A crowd of 20,000 strong gathered in Golden Gate Park Sunday to help the fight against AIDS/HIV in San Francisco.

The San Francisco Aids Walk celebrated 26 years on June 15, with one of the largest crowds yet for the 10k walk.

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The San Francisco AIDS Foundation raised a whopping $2,686,582 through the event, allowing them to continue to lead the way with life-saving prevention programs and bold public policy initiatives.

“Our participants show such dedication year after year because they know that ending AIDS is about fighting more than the virus itself. It is also about overcoming poverty, racism, sexism, and homophobia. These social ills continue to fuel the epidemic" Craig. R. Miller, founder and producer of the event, said in a statement.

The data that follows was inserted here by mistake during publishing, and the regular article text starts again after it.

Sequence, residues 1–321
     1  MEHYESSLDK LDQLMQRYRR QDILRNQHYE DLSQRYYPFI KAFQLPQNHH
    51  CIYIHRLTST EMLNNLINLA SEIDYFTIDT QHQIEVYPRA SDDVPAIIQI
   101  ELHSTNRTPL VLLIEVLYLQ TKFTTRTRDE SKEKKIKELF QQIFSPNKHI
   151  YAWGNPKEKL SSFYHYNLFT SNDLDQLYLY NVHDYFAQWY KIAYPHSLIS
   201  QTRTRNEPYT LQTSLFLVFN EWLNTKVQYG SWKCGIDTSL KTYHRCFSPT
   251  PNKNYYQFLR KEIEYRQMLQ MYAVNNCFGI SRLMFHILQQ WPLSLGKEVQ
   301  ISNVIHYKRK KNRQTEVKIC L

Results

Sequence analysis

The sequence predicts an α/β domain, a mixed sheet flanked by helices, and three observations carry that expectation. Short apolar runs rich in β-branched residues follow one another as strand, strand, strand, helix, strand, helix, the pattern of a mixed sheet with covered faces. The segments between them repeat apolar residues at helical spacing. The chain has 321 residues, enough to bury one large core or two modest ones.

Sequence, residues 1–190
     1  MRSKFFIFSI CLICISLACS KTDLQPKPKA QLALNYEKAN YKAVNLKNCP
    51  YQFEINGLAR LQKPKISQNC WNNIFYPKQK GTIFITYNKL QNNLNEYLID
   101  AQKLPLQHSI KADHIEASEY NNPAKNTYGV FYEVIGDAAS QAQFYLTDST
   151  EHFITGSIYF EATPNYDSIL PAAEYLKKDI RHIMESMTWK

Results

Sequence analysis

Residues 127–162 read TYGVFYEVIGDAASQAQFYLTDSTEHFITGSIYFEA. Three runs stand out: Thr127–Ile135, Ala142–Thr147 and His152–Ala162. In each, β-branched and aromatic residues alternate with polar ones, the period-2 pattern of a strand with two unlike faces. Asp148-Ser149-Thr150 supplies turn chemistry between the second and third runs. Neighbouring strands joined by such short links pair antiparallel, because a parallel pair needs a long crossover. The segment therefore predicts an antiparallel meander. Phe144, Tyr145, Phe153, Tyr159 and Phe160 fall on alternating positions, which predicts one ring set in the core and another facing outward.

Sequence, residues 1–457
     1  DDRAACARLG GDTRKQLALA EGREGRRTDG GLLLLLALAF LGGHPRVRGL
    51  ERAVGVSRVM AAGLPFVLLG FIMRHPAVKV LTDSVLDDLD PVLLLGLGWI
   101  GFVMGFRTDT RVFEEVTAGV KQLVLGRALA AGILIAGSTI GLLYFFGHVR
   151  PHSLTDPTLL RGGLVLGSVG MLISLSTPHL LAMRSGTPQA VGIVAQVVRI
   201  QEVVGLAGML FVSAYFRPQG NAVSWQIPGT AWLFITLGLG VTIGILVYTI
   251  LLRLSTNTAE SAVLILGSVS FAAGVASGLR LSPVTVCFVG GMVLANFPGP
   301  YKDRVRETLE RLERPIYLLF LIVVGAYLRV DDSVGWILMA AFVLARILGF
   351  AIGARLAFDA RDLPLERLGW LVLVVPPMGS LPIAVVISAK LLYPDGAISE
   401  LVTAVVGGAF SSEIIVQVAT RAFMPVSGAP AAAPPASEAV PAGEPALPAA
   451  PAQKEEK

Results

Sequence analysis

Currently, 1.2 million people are living with HIV/AIDS in the United States, more than at any other time in history. In San Francisco, more than 15,500 suffer from the disease. Alarmingly, rates of new HIV infections are still rising among gay and bisexual men, the only risk group for which this is the case.

But there may still be hope yet. "This is the beginning of the end of the AIDS epidemic," Dr. Diane Havlir, UCSF HIV/AIDS division chair, told The Huffington Post last week. Havlir explained that enormous strives have been made in the research and medical fields towards the future prevention of HIV and AIDS in recent years.

And every little bit from San Francisco helps.

"AIDS Walk San Francisco embodies the true spirit of our city with thousands of people from all walks of life coming together for a singular purpose: to make a real difference in the fight against HIV/AIDS,” said Mayor Ed Lee.

Did you walk this year or in years past? Add your own photos to the slideshow below.

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